You have some evidence here? You can kill nutrition in any food if you cook it incorrectly. I have to assume you've never eaten anything my mother has cooked and she's been around a lot longer than microwave ovens. :-)

Microwaves don't kill all nutrition..According to Harvard Health Publications, certain nutrients, such as vitamin C, will break down when exposed to heat, regardless of whether you cook using a microwave or through more conventional methods. However, because microwaves cook foods quicker, they may actually do a better job of preserving nutritional content that can be destroyed as a result of high heat exposure.

My friend got his masters in Nuclear Medicine from Oregon State University and learned there that no one should ever eat anything even warmed up in a microwave. He said they aren't even allowed in many countries.

My father received his medical degree from the University of New York and has never read anything in any medical journal which states cooking with a microwave can create dangerous food.

that is a myth . Microwaves don't kill all nutrition..According to Harvard Health Publications, certain nutrients, such as vitamin C, will break down when exposed to heat, regardless of whether you cook using a microwave or through more conventional methods. However, because microwaves cook foods quicker, they may actually do a better job of preserving nutritional content that can be destroyed as a result of high heat exposure.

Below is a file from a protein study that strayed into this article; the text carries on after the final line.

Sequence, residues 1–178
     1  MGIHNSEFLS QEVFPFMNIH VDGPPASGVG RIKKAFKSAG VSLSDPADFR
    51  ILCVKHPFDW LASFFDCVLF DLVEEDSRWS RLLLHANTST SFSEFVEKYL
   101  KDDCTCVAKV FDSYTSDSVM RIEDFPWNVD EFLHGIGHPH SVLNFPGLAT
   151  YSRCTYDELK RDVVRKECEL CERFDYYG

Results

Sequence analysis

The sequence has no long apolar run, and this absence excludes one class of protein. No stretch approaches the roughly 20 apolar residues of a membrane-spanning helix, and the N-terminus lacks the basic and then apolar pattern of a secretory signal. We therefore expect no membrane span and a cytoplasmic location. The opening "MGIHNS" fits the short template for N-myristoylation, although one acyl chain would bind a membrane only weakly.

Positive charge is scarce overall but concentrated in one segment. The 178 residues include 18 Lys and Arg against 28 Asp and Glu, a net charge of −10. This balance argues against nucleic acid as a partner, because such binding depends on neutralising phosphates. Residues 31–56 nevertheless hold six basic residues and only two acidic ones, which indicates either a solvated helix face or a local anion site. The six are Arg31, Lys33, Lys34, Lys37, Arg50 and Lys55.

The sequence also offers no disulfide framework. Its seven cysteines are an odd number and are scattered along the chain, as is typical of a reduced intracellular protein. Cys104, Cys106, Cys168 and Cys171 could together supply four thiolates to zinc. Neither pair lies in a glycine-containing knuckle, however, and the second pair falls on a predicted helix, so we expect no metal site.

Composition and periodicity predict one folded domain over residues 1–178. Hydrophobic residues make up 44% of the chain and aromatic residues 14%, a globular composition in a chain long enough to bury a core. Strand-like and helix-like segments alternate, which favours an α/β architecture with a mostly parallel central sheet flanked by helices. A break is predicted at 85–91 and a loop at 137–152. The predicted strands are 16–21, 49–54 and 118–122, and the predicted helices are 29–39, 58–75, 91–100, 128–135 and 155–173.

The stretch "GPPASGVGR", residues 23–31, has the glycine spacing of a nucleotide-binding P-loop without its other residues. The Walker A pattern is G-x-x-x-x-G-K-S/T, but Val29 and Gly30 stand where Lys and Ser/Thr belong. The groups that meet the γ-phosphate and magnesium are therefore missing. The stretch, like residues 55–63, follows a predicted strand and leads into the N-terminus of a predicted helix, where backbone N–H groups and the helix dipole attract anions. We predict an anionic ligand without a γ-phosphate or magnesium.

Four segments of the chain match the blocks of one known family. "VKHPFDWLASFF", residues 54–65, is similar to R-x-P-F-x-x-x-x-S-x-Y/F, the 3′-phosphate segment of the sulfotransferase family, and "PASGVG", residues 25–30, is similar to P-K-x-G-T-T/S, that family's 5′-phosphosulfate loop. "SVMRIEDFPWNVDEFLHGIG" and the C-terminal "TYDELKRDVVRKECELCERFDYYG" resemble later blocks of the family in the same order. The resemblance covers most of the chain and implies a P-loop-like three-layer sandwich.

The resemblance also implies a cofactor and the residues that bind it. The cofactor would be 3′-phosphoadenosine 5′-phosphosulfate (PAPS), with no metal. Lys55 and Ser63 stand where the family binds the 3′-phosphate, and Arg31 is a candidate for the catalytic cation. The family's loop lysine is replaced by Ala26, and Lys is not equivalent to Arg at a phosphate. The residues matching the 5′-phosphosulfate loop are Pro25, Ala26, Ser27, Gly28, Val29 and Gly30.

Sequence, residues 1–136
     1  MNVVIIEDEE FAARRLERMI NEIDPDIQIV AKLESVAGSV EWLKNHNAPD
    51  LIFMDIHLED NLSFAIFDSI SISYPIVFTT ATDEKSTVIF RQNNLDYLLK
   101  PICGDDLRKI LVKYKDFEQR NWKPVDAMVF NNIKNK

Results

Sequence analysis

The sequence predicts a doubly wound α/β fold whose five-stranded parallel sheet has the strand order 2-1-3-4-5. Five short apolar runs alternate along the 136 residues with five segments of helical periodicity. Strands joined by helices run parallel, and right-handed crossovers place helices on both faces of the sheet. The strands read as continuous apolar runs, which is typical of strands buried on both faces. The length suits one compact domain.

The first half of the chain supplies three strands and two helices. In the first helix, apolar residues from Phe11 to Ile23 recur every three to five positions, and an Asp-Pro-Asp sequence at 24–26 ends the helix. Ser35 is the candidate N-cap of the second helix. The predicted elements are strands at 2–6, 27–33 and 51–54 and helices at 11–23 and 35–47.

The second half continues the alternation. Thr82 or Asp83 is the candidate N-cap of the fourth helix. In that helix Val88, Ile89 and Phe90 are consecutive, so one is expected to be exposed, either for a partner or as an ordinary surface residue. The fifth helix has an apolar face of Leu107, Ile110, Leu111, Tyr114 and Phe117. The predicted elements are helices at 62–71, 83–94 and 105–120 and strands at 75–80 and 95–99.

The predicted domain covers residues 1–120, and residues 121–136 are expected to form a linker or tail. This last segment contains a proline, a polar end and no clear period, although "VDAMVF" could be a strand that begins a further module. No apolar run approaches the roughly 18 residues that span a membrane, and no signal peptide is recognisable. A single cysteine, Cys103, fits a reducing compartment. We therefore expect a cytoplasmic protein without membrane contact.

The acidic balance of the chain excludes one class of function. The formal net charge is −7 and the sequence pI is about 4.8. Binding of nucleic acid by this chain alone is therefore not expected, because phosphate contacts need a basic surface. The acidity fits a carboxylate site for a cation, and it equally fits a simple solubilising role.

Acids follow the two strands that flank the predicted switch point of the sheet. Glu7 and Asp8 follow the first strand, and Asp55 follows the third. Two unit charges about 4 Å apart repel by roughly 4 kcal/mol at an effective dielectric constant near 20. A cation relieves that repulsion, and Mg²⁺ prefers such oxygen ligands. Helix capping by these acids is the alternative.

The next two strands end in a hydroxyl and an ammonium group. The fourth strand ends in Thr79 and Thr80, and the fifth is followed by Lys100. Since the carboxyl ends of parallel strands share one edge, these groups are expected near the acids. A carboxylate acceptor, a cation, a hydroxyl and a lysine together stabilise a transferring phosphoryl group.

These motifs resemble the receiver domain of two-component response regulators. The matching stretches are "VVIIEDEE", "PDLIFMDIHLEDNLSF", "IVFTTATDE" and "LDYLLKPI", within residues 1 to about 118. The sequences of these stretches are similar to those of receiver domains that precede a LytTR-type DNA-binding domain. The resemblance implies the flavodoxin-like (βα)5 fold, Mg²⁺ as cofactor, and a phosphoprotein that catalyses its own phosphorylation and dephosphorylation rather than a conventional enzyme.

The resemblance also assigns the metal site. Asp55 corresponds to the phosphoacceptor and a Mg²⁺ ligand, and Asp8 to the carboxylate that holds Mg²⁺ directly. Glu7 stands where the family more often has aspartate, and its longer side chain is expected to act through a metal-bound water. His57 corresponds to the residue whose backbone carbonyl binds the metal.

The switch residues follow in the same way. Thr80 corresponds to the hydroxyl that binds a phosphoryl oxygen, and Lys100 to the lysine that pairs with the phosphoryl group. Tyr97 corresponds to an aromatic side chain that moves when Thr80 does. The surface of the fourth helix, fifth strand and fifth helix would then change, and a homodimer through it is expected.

I usually cheat by using dry ginger, but you could also use a cheese grater to get the ginger cut fine and less hassle. I like to add ginger to black coffee too.

2 replies

I'll do that if I don't have any fresh ginger on hand, but I much prefer the taste of fresh ginger tea. Grating it's not a bad idea, and I've never thought of putting it in coffee. That sounds quite good.

Traditional advice is not to drink more than 2 cups of ginger tea a day unless you are using it as a treatment for a bad chest cold.

Oh no!!! You forgot the most important step!!!

Drink it!!! :)

On a more serious note, I brew a small pot at a time (coffee press), so let it sit and steep quite a while as it's too hot to drink right away anyway. I drink it later once it's cooled a bit, but hopefully not too cool.

If you don't peal it you can use a coffee press or tea ball to keep any bits out of your mouth. I don't peal mine. Too much trouble. Also, pealed ginger is hard to slice as it is a little slippery.

I'm drinking my first cup of homemade ginger/clove/cinnamon/raw honey/lemon zest tea. My mouth is a bit on fire but it feels good. Hope it helps my headache.